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Ambivalent EmbraceJewish Upward Mobility in Postwar America$
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Rachel Kranson

Print publication date: 2017

Print ISBN-13: 9781469635439

Published to North Carolina Scholarship Online: May 2018

DOI: 10.5149/northcarolina/9781469635439.001.0001

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PRINTED FROM UNIVERSITY OF NORTH CAROLINA PRESS SCHOLARSHIP ONLINE (www.northcarolina.universitypressscholarship.com). (c) Copyright University of North Carolina Press, 2022. All Rights Reserved. An individual user may print out a PDF of a single chapter of a monograph in NCSO for personal use.date: 25 May 2022

From Generation to Generation

From Generation to Generation

The Jewish Counterculture’s Critique of Affluence

(p.138) Six From Generation to Generation
Ambivalent Embrace

Rachel Kranson

University of North Carolina Press

Beginning in the late 1960s, young Jewish radicals rejected the middle-class culture in which they had been raised, and attempted to reinvent American Jewish life in the spirit of the era’s global youth revolt. This Jewish counterculture organized multiple religious and political collectives and advanced a variety of causes, some of which overlapped and some of which actually contradicted with one another. The common denominator linking together all of these disparate undertakings, however, was a pointed critique of the middle-class Jewish culture that had been forged by the older generation of American Jews. Indeed, when members of the Jewish counterculture created narratives to justify their investments in such issues as the plight of Soviet Jewry; the inclusion of women, gays and lesbians in American Jewish life; Zionism; or the restructuring of American Judaism – none of which pertained directly to the class position of American Jews-- they often cited American Jewish affluence as not only relevant but fundamental to the problems they were trying to solve.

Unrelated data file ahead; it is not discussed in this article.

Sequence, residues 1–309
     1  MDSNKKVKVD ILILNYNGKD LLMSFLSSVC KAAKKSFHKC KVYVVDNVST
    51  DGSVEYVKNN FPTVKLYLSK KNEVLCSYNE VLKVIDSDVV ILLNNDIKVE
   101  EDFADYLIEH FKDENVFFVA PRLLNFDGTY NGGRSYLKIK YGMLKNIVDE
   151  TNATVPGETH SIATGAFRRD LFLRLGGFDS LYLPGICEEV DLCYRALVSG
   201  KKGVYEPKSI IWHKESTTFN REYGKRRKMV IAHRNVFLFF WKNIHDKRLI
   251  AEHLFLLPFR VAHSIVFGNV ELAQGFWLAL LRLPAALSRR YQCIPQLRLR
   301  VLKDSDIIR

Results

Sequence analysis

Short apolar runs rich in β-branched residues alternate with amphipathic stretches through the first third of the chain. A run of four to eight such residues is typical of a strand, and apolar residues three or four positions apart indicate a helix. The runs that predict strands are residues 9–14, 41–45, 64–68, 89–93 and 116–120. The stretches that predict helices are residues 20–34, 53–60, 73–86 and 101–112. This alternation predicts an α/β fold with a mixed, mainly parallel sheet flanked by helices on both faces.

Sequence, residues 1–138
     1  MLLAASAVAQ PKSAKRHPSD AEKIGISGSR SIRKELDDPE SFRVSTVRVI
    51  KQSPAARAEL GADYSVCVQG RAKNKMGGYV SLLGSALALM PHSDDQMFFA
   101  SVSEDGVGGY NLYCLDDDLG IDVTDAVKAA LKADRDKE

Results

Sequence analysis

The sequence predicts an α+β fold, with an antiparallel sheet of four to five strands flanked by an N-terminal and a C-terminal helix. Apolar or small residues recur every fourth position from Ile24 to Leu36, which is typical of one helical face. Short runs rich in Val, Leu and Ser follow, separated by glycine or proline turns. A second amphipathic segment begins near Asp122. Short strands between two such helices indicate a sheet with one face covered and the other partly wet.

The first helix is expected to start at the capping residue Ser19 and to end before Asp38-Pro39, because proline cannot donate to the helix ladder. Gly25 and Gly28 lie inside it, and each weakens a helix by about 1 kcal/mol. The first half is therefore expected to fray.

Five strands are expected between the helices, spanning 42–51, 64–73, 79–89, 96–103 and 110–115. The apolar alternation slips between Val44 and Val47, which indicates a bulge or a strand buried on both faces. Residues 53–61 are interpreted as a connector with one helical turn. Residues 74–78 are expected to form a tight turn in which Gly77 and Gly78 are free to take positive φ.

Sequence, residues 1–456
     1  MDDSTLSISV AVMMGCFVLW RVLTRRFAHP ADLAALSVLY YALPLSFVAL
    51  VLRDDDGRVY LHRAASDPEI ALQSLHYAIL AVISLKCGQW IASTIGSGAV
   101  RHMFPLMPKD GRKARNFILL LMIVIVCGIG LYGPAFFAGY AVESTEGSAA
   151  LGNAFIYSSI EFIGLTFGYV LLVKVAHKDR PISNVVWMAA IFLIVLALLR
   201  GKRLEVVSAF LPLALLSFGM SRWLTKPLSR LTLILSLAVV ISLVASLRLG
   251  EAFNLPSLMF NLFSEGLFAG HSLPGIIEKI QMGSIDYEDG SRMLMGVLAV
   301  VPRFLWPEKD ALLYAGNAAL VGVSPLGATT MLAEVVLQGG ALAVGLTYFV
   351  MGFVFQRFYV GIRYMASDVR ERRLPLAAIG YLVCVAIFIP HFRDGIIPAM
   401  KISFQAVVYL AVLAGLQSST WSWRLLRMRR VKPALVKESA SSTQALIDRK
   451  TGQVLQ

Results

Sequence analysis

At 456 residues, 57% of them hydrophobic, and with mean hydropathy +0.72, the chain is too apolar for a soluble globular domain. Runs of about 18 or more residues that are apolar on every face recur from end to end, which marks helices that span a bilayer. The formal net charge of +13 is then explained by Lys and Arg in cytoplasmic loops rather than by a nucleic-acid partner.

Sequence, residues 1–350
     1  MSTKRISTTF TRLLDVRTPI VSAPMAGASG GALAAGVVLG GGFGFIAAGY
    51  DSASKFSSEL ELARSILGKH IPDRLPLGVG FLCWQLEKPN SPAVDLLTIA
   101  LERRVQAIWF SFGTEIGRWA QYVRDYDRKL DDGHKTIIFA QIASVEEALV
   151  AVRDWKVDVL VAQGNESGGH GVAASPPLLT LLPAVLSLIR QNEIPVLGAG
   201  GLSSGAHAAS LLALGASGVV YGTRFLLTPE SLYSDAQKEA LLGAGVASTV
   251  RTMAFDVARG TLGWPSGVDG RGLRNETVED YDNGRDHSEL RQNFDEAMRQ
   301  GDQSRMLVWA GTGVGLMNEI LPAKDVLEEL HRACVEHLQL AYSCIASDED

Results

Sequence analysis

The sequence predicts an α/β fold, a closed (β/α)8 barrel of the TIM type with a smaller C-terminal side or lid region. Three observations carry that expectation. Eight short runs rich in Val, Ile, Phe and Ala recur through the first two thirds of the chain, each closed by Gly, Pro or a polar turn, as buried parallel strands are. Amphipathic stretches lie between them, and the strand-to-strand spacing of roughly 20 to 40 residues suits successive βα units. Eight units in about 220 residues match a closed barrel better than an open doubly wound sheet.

Keywords:   Jewish Counterculture, upward mobility, Soviet Jewry, women, gays, lesbians, Zionism, Judaism

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